Kate and the Carnival Royal family act as ambassadors for Winter Carnival, which is celebrating its 135th year starting next week. The Kates make more than 100 appearances a year, singing in parades, at community events and benefits and senior citizens’ homes. In the early days of the organization, Carney set up a lot of appearances on her own, Bestler says.

“She’s a big PR person,” Bestler says of her mom. She would call up officials running parades and nursing homes and offer to perform.

“We’ve gotta make this thing go,” Carney says. “We’ve got to make people love us the way we love them.”

There were uncomfortable moments, she admits. Sometimes the Winter Carnival parades were on bitterly cold days. At first, Carney says she turned down offers of blankets to keep her warm. It didn’t seem right for Klondike Kate to be wrapped in blankets.

“Then I realized, that’s kind of dumb,” she laughs, remembering one cold parade where “I couldn’t move my lips.”

It wasn’t all parades and performances. There was the time in the 1980s when Klondike Kate actually went to the Yukon. Carney’s son, Mike, lives in Fairbanks, Alaska, and on a trip to see him, then St. Paul Mayor George Latimer arranged for the family to stop in Anchorage and meet the mayor, who was a friend of his. Carney had an official meeting with the mayor and truly was an ambassador.

She made many appearances on Twin Cities television and in telethons, and though she hasn’t made appearances with the Klondike Kates for a couple of years, she was in the limelight a couple of years ago with her “Grand Casino Story.” In an ongoing promotion, Grand Casino asked visitors to share their stories and Carol replied with an escapade involving a trip to the ice machine and getting locked out of her room. She was in a commercial that ran for two years and featured on billboards, Bestler says.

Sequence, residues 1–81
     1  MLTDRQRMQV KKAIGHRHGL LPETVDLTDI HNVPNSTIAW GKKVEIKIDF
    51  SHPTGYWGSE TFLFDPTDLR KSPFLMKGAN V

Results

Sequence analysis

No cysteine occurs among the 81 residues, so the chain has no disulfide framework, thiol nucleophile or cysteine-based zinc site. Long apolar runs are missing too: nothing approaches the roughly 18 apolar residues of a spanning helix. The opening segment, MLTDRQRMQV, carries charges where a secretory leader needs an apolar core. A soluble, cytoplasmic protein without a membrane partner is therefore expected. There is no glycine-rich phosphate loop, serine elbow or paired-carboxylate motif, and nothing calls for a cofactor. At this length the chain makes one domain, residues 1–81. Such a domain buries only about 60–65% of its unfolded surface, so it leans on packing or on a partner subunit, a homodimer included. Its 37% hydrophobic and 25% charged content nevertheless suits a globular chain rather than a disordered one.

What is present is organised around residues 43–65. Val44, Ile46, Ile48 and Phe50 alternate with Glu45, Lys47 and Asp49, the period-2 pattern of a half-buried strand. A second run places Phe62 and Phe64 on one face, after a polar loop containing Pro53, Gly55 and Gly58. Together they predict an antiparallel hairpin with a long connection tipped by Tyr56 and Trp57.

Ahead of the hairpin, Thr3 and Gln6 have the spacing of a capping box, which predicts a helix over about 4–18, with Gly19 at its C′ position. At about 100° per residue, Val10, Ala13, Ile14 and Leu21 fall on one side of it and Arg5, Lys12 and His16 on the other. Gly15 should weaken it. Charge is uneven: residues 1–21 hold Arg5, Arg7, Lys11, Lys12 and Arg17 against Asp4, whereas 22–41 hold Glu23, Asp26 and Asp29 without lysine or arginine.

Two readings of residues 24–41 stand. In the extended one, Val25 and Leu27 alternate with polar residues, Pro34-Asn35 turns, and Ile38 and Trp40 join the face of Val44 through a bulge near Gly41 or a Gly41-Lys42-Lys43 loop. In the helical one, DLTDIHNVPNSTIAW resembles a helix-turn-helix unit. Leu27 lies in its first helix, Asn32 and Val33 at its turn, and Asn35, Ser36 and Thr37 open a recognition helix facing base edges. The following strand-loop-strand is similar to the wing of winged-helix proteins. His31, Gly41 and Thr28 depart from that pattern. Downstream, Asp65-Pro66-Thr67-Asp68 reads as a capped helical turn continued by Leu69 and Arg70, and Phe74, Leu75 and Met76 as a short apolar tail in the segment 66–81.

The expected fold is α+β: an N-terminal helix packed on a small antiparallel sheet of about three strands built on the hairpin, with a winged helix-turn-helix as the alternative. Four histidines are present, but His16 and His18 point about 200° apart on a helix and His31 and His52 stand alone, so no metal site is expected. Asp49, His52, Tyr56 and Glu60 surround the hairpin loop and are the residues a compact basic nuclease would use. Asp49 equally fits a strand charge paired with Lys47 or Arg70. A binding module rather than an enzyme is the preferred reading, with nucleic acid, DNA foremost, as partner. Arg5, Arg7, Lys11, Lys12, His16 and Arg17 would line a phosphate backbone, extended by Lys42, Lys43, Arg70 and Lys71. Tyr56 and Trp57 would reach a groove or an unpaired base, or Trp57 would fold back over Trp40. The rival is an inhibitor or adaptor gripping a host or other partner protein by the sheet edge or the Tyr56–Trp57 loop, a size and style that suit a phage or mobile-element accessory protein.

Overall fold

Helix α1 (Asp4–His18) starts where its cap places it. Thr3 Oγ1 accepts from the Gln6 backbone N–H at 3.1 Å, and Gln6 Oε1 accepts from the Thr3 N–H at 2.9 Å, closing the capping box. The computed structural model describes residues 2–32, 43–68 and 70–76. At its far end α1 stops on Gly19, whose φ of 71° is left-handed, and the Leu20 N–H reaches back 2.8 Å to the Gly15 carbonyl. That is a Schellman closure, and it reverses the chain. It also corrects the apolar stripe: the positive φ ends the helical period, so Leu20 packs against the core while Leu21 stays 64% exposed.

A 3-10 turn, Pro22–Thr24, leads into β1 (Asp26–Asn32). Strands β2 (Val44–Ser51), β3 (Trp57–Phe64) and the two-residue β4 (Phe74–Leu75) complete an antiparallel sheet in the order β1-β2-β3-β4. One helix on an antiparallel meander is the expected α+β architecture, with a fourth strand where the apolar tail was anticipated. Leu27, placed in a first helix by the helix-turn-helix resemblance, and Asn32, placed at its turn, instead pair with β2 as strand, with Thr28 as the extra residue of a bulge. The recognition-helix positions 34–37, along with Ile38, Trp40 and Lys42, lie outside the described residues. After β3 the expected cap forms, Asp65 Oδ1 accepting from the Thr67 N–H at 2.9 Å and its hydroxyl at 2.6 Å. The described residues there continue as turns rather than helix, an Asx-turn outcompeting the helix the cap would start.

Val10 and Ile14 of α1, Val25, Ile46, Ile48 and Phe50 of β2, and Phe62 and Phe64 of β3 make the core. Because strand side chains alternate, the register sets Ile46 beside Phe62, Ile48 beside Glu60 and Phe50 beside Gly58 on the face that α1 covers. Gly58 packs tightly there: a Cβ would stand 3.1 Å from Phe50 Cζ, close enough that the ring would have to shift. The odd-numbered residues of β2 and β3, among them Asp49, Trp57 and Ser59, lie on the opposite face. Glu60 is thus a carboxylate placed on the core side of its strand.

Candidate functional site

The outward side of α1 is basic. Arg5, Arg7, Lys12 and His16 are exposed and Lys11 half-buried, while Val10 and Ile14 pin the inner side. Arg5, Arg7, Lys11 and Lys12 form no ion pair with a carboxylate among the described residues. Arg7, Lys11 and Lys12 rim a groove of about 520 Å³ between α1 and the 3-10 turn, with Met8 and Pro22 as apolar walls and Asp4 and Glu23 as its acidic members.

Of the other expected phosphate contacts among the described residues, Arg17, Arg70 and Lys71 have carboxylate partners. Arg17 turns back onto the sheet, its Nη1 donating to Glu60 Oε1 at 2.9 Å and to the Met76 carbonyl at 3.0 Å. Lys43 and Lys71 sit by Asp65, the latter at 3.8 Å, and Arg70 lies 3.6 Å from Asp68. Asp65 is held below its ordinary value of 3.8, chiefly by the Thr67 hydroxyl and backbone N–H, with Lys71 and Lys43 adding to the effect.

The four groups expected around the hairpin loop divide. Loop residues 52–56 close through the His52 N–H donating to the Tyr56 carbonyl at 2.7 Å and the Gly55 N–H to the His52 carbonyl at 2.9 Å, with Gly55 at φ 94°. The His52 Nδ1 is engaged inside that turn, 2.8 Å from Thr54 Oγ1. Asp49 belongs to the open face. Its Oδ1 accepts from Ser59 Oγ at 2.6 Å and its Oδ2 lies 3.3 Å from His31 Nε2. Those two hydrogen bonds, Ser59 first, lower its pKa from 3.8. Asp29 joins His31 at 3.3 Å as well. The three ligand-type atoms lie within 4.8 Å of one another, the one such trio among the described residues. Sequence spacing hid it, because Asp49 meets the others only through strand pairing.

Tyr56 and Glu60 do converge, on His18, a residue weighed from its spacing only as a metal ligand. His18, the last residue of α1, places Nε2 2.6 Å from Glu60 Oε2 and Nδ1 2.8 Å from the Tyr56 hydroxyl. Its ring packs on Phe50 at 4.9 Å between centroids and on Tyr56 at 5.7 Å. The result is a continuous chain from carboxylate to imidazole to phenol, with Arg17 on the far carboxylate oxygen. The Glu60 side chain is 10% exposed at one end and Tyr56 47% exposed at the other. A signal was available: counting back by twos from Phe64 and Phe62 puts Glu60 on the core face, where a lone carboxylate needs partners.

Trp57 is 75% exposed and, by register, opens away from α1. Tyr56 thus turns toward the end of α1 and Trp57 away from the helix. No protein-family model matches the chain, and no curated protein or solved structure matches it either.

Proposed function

Here are all 50 of the St. Paul Winter Carnival Klondike Kates

Carol Carney was the St. Paul Winter Carnival’s first Klondike Kate in 1971. Her many winter carnival medallions and buttons are on display in glass cases. (Scott Takushi / Pioneer Press)
  1. 1971 — Carol Carney
  2. 1972 — Shirley Gustafson*
  3. 1973 — Shirley Jones*
  4. 1974 — Dorothy Freyberger*
  5. 1975 — Sherri Kay Stetzer (Unk)
  6. 1976 — Billie Jean Morseth*
  7. 1977 — Sandy Wylie*
  8. 1978 — Claudette Rieschl
  9. 1979 — Dianna Weber (Unk)
  10. 1980 — Trish Stefanson*
  11. 1981 — Pat Videen*
  12. 1982 — Scottie McFarland (Unk)
  13. 1983 — Patt Leivermann
  14. 1984 — Jeanne Cummings
  15. 1985 — Connie Crowell
  16. 1986 — Dianne Long Pine*
  17. 1987 — Nancy Moshier
  18. 1988 — Nancy Hottinger
  19. 1989 — Cyndy Cheyne*
  20. 1990 — Celeste Gagliardi*
  21. 1991 — Patty Palodichuk
  22. 1992 — Liz Manbeck
  23. 1993 — Lois Laurie
  24. 1994 — Linda Underhill
  25. 1995 — Barbara Sorensen
  26. 1996 — Phyllis “Philly” Chickett*
  27. 1997 — Shar Salisbury
  28. 1998 — Renee Jackson
  29. 1999 — Barb Yozamp
  30. 2000 — Judy Nelson
  31. 2001 — Wendy Miller
  32. 2002 — Eileen “Dolly” Sparber
  33. 2003 — Kimberly Tsoukalas
  34. 2004 — Kari Shaff
  35. 2005 — Paula Berends
  36. 2006 — Britt Tany Wells
  37. 2007 — Darice Koepke
  38. 2008 — Audra Weier
  39. 2009 — Darci Strutt
  40. 2010 — Suzanne Leisman
  41. 2011 — Anita McColley
  42. 2012 — Peggy Sweeney Junkin
  43. 2013 — Anita Mack
  44. 2014 — Kathy Rustin
  45. 2015 — Rochelle “Shelley” Brown
  46. 2016 — Theresa McConnon
  47. 2017 — Kristen Oster
  48. 2018 — Natalia Hemmingway
  49. 2019 — Sheryl Williams
  50. 2020 — Shelley Pabst

(* indicates deceased, Unk is unknown)